The Wyoming Game and Fish Commission unanimously decided not to allow grizzly bear hunting in the state at this time.

During a meeting in April, the commission discussed a bill from the Wyoming Legislature that could give them the authority to once again hold a grizzly bear hunting season. Senate File 93 would “[Authorize] the game and fish commission to hold a grizzly bear hunt or facilitate a relocation as specified”. The bill can be read in its entirety here.

Commissioners agreed that the bear population was expanding outside the boundaries of suitable habitat. And are becoming a threat to human safety. They also agreed that the bears have a negative impact on other wildlife. So why would the commission unanimously vote against a hunt?

The short answer: The Endangered Species Act.

The U.S. Fish and Wildlife Service has determined on two separate occasions that the Yellowstone area grizzly bears have been recovered. But a federal judge has overturned that decision both times and reinstated the ESA protections.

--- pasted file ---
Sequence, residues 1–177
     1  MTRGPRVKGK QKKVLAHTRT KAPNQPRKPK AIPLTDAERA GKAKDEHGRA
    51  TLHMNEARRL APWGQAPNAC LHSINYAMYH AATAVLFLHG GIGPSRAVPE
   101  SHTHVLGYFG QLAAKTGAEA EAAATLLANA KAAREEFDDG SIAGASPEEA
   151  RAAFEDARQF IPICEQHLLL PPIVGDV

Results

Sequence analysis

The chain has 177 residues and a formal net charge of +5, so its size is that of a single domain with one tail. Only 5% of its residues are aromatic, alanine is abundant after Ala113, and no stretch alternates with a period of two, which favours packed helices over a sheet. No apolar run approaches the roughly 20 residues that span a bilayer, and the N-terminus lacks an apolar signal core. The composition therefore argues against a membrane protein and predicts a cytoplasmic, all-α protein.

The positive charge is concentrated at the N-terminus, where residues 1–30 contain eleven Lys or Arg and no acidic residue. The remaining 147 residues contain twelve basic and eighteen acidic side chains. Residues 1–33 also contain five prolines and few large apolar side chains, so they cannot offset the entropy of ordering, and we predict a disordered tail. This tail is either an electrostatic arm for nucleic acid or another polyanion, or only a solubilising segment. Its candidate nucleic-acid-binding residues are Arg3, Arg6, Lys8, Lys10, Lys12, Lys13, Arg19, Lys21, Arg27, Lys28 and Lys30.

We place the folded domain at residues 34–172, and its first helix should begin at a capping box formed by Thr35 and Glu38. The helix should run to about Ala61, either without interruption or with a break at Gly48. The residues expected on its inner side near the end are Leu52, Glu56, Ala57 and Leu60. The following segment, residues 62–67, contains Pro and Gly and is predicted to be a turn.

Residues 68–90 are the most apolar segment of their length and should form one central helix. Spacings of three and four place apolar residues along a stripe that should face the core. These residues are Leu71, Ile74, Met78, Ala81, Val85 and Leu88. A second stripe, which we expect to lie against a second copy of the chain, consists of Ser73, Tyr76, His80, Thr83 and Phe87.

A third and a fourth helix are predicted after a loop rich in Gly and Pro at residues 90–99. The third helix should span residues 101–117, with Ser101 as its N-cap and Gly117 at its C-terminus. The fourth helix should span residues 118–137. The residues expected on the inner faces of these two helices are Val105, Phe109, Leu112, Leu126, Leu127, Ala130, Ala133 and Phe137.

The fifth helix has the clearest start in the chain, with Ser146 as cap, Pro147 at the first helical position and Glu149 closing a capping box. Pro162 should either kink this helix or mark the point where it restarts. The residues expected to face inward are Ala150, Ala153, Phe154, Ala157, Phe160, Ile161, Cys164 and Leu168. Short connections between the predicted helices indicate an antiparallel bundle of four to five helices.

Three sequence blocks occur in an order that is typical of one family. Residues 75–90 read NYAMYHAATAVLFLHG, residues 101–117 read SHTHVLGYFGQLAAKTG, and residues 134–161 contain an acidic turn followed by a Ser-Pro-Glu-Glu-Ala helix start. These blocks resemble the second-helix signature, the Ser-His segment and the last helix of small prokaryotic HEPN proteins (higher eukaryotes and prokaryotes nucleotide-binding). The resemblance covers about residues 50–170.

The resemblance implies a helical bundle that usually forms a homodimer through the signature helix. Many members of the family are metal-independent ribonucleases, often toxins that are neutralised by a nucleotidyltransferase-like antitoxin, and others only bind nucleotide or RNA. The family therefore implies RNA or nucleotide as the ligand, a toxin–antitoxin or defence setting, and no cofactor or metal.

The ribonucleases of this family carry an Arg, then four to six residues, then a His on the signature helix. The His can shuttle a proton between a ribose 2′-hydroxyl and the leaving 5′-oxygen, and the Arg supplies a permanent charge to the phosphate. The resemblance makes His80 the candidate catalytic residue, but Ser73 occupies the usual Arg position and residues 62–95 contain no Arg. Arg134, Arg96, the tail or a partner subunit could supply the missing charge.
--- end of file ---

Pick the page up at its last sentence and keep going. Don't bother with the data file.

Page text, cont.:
“The Endangered Species Act, sometimes, unfortunately, it is the law of the land in regard to endangered species,” Commissioner Patrick Crank said. “If we were to exercise our discretion, as directed by the Legislature to enact a hunting season, we could do that, I guess. But the practical effect of that is we would throw our citizens into an untenable situation. Which I don’t feel comfortable doing as a commissioner. We [could] put someone who bought one of those licenses and went out and killed a grizzly bear in harm’s way because the federal government will prosecute that person and stick them in jail.”

Crank is an attorney who explained that over 230 years of case law support the U.S. Constitutions Supremacy Clause, which says federal law takes precedence over state law.

Commission President David Rael compared the grizzly hunt to legalizing pot. He rhetorically asked why states were allowed to legalize Marijuana when the U.S. Government recognized it as a felony. Crank jokingly responded that arresting grizzly bear hunters would be easier than arresting all the “dope smokers” in Colorado.

What are your thoughts on the commission’s decision?

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